Did you know Dr. David F. Scott, here at OSC, is the region’s foremost orthopaedic researcher? Dr. Scott has worked with top orthopaedic manufacturers to help engineer the implant parts of the future like the Stryker Triathlon Total Knee Replacement System. He is sought after by leading pharmaceutical companies for his clinical research expertise and is on the academic staff at both the University of Utah and the University of Washington.
Dr. Scott was recently selected to present to a huge audience at the annual November meeting of the American Association of Hip and Knee Surgeons. This presentation marks a significant milestone in two on-going studies regarding the efficacy of total knee replacements.
The most significant preliminary finding in this research has been a four-minute tourniquet time difference between the implant surgeries.
Have you been experiencing dull, aching pain in your shoulder? Is it increasingly more difficult to move and function well? You may be suffering from the first stages of Frozen Shoulder Syndrome. Formally termed Adhesive Capsulitis, patients with frozen shoulder exhibit progressively worsening pain and stiffness in the joint, causing immobility.
While the cause of frozen shoulder is not completely understood, diabetics are ten times more likely to get frozen shoulder than the general population.
You’ve heard the phrase about your Achilles’ heel and how it can be your weak link in an otherwise healthy, strong, body. While there is accuracy to the expression, the Achilles tendon is actually the thickest and strongest tendon in the body and it is hard at work for you each day.
When the calf muscles contract, the Achilles tendon pushes the foot downward, enabling such activities as standing on the toes, walking,
On her 30th Bloomsday, there’s not much that surprises Debra Peale anymore. She knows every mile. She knows exactly what she’ll have for breakfast and where to look for the nuns, the vulture suit and her husband after the race. But the thing that never gets old, she says, is watching the other racers.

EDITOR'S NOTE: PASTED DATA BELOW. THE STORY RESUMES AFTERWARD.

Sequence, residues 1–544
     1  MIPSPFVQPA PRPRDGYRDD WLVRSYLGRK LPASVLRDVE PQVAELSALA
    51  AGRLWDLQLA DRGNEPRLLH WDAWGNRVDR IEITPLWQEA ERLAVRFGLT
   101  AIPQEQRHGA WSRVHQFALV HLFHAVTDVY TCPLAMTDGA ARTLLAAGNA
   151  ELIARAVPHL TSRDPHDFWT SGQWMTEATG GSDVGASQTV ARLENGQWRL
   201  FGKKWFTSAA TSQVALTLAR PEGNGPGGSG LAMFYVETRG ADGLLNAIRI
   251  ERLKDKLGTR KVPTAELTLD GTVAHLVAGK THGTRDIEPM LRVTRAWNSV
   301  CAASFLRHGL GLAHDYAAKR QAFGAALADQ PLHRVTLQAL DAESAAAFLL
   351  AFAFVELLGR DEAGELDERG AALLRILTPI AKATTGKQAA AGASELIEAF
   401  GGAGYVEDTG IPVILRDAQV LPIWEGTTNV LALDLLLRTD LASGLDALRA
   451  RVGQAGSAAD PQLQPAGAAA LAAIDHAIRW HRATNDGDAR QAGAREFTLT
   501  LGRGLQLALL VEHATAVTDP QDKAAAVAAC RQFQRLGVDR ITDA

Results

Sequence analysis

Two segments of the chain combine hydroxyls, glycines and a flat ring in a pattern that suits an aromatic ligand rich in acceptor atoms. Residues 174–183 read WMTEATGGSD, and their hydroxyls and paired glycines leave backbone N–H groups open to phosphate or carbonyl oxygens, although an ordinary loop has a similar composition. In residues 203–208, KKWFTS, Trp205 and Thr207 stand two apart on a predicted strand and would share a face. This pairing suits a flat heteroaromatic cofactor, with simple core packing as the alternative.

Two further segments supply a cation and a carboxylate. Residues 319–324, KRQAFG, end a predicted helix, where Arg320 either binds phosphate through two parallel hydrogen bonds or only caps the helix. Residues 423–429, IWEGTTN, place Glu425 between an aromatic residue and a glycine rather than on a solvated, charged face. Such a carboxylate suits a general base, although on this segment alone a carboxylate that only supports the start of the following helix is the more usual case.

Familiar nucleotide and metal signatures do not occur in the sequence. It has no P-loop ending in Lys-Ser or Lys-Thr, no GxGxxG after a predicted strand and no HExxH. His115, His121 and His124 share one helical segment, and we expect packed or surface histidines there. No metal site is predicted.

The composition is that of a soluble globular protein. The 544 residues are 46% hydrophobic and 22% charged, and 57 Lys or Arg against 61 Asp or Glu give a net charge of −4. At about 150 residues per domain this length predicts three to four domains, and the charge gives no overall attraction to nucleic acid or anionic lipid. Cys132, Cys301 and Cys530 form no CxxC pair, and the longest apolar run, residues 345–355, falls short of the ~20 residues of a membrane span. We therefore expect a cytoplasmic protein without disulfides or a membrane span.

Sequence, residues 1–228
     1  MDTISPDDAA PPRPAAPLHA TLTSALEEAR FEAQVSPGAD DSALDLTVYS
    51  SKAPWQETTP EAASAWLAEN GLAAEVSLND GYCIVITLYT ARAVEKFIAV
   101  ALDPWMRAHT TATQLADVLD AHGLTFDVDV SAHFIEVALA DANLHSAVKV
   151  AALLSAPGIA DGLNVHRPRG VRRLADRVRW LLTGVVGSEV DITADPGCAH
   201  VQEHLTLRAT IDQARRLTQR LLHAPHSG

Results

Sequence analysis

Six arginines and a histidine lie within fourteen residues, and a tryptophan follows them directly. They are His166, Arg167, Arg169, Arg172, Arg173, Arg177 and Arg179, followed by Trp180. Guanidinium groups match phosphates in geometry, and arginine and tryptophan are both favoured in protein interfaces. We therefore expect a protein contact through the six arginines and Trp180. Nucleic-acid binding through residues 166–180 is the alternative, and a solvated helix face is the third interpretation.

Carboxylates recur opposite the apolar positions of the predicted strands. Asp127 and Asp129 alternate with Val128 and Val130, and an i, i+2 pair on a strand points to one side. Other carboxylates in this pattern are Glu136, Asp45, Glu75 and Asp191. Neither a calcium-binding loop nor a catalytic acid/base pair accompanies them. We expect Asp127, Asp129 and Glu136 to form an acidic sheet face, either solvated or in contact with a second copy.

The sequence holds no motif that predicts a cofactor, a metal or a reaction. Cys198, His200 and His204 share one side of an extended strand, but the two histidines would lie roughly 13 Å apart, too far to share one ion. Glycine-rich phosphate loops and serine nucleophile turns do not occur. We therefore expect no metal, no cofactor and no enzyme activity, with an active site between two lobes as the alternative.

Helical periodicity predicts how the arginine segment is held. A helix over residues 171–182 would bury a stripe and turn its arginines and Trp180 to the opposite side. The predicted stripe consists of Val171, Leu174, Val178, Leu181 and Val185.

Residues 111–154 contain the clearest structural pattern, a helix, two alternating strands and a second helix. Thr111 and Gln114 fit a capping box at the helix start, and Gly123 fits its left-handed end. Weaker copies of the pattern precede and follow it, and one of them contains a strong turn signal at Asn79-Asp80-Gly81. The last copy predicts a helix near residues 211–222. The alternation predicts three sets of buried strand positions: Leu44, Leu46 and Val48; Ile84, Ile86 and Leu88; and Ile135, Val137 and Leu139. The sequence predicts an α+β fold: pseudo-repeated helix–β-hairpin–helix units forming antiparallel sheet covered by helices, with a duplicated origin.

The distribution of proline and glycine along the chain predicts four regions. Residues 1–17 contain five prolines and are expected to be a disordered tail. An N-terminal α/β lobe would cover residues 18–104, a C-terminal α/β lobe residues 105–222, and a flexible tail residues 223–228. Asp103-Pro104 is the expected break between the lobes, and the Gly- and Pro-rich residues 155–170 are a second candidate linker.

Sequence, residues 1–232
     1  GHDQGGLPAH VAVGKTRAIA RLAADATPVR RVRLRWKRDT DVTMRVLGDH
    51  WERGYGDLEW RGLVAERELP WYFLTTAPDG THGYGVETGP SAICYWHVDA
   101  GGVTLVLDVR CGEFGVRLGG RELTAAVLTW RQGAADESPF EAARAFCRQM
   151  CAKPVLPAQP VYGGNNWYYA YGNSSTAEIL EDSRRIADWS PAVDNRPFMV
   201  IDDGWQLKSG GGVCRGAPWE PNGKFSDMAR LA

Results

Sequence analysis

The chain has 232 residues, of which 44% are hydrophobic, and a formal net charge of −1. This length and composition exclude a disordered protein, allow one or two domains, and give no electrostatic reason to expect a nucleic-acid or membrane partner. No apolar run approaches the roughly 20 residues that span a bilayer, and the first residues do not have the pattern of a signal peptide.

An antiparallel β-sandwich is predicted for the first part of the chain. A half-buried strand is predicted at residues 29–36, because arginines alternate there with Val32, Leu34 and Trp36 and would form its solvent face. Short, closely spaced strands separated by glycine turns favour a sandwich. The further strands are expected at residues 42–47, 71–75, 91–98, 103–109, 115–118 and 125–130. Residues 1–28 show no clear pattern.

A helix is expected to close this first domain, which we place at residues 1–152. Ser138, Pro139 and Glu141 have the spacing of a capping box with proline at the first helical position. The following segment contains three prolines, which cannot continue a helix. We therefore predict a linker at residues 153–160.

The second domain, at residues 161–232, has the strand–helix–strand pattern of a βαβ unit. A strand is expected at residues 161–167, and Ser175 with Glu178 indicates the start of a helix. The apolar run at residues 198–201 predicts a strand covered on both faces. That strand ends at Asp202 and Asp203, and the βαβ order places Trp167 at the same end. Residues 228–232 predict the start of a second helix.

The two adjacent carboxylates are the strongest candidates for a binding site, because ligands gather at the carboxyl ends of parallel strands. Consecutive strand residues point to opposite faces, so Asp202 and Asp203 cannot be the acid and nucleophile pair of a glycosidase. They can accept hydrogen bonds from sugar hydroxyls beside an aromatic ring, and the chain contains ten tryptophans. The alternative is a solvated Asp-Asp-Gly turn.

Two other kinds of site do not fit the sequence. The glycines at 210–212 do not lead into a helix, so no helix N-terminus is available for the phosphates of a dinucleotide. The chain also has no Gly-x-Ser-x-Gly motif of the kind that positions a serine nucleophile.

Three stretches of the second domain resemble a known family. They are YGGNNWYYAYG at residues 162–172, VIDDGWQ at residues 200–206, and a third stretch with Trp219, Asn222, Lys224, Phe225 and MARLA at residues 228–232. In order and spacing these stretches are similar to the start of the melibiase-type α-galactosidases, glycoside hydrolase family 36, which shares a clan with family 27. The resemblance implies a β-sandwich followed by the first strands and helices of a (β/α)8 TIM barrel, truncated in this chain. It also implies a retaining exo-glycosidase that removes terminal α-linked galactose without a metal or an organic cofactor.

“Everybody can go, from the elite-of-the-world runners all the way to normal people to the handicapped. … Any age,
“I enjoy being active, everything from half marathons to snowboarding. But after I felt a pop in my knee snowboarding, I really couldn’t do any of that for more than a year. I had a deep pain inside my knee, but we couldn’t find anything using MRI or x-rays. Finally, Dr. Amaryllis Scott was able to identify the injury and fix it through surgery.
“It all started when I fell off of a ladder while working on my roof. I knew I had hurt my arm, but I could move everything so I thought it was ok. The original diagnosis from the doctor in my hometown was that it was not broken, but the pain continued so my doctor sent me to OSC. By the time I got there,
Two Total Hip Replacements by David Scott MD
Benton City, WA
“Because of my orthopaedic care, I am 53 years old and just getting better!
I had both hips replaced in 2008 – 6 months apart. I had changed jobs because my former job required me to go up and down very steep stairs all day long. I couldn’t do it without a lot of pain.
Deer Park, WA
“I used orthotics for 15 years to try to mask the pain from a pronated ankle. Surgery wasn’t even an option – I couldn’t imagine being laid up for months and months. But then I heard a ‘pop’ when I planted my foot during a league bowling game, and I knew something bad had happened. Not knowing what to expect, I told them that the only thing I wanted to do was walk with my grandkids.
Arthritis, an inflammation of the joints, generally associated with pain, may take several different forms. Osteoarthritis is one of the more common forms of arthritis and is generally known as the “wear and tear” type-arthritis. Osteoarthritis has been diagnosed in approximately 10 million Americans. Since this is a “wear and tear” problem, nearly everyone older than 55 years of age has some form of osteoarthritis somewhere in their body.
Osteoarthritis generally begins after age 40 and develops over many years,